Effective control of the parasitic weed sunflower broomrape (Orobanche cumana
Wallr.) can be achieved by herbicides application in early parasitism stages. However, the growing environmental concerns associated with herbicide treatments have motivated the adoption of precise chemical control approaches that detect and treat infested areas exclusively. The main challenge in developing such control practices for O. cumana
lies in the fact that most of its life-cycle occurs in the soil sub-surface and by the time shoots emerge and become observable, the damage to the crop is irreversible. This paper approaches early O. cumana
detection by hypothesizing that its parasitism already impacts the host plant morphology at the sub-soil surface developmental stage. To validate this hypothesis, O. cumana-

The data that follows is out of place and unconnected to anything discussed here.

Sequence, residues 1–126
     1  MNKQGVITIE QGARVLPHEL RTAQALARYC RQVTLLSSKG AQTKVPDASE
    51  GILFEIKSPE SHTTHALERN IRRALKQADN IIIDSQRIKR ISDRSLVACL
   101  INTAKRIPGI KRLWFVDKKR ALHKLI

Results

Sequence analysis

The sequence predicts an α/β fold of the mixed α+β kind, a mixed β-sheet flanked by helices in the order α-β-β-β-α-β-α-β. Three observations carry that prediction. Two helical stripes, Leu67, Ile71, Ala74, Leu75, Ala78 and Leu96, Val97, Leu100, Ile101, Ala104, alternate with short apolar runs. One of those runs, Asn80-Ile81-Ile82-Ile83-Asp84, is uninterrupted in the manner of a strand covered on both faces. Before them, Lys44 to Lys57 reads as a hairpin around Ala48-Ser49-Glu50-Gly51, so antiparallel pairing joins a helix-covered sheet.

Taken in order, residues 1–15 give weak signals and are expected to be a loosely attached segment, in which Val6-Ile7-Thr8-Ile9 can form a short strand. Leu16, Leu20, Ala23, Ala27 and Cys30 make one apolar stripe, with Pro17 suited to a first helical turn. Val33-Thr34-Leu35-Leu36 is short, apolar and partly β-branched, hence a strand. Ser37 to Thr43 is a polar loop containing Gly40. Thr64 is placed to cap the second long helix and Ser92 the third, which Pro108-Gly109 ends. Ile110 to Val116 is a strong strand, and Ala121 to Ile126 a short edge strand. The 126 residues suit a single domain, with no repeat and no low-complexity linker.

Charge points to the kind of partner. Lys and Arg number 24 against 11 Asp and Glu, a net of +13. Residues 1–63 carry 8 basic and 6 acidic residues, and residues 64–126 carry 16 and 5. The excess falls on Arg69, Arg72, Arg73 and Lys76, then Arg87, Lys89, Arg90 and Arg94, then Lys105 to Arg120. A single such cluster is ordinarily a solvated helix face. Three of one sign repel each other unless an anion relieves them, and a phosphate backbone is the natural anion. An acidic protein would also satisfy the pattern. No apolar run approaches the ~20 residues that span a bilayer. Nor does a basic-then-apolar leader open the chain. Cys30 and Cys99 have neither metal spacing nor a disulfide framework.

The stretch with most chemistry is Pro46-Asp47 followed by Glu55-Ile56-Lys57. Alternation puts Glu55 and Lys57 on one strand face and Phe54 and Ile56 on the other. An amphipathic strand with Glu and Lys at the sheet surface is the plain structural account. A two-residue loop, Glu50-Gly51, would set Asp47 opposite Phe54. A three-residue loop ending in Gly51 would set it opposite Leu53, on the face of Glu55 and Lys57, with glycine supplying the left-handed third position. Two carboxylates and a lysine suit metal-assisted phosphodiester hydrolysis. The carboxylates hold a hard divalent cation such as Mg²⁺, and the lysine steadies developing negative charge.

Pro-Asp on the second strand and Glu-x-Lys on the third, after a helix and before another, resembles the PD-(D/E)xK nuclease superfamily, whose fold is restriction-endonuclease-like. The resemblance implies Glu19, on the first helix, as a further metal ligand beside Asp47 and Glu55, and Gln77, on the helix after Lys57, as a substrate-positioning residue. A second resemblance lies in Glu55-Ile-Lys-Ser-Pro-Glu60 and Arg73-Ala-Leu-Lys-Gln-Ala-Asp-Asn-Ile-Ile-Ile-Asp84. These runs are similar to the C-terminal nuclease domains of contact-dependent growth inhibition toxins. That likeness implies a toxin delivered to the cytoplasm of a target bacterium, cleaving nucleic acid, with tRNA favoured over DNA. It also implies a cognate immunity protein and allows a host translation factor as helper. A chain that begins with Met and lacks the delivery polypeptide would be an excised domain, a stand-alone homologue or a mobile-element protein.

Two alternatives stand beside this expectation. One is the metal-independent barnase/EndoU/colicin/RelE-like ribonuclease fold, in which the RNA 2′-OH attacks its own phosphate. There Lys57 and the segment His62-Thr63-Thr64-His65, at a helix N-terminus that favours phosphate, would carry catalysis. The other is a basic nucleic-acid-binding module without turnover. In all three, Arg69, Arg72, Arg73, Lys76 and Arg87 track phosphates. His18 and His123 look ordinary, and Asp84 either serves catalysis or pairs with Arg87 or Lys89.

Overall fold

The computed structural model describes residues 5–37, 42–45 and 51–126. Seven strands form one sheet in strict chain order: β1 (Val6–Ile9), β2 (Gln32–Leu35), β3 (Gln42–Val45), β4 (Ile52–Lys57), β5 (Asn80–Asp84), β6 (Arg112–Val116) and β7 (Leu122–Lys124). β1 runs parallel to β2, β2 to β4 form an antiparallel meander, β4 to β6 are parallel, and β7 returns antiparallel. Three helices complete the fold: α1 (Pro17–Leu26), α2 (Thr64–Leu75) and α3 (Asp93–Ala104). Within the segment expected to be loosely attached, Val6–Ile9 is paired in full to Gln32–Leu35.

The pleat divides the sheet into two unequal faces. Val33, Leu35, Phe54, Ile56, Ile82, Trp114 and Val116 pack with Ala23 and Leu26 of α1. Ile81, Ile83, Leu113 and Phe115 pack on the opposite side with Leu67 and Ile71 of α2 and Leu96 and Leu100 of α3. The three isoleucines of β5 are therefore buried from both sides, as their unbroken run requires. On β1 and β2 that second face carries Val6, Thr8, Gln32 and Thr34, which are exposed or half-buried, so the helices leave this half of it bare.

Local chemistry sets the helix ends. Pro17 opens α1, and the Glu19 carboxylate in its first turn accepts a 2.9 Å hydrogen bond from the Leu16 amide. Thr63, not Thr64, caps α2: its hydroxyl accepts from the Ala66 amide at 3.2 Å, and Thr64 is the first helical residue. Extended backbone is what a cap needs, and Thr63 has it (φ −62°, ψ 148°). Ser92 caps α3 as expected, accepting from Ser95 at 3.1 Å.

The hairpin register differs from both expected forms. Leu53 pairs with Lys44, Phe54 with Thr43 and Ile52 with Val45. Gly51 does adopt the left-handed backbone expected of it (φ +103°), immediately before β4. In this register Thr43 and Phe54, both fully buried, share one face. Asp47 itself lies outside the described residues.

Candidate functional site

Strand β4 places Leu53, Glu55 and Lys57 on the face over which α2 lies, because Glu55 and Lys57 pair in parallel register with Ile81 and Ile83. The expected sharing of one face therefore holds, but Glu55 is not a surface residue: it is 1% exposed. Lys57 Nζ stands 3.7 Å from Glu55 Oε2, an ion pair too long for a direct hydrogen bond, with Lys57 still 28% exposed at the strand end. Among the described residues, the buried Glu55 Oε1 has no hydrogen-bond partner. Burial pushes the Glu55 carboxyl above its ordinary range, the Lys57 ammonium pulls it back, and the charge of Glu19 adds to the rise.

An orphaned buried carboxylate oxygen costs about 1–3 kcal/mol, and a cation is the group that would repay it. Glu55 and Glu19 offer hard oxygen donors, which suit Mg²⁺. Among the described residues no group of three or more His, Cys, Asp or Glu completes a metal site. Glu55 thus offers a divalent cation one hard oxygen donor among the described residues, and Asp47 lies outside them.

infested sunflower and non-infested control plants were grown in pots and imaged weekly over 45-day period. Three-dimensional plant models were reconstructed using image-based multi-view stereo followed by derivation of their morphological parameters, down to the organ-level. Among the parameters estimated, height and first internode length were the earliest definitive indicators of infection. Furthermore, the detection timing of both parameters was early enough for herbicide post-emergence application. Considering the fact that 3-D morphological modeling is nondestructive, is based on commercially available RGB sensors and can be used under natural illumination; this approach holds potential contribution for site specific pre-emergence managements of parasitic weeds and as a phenotyping tool in O. cumana
resistant sunflower breeding projects.
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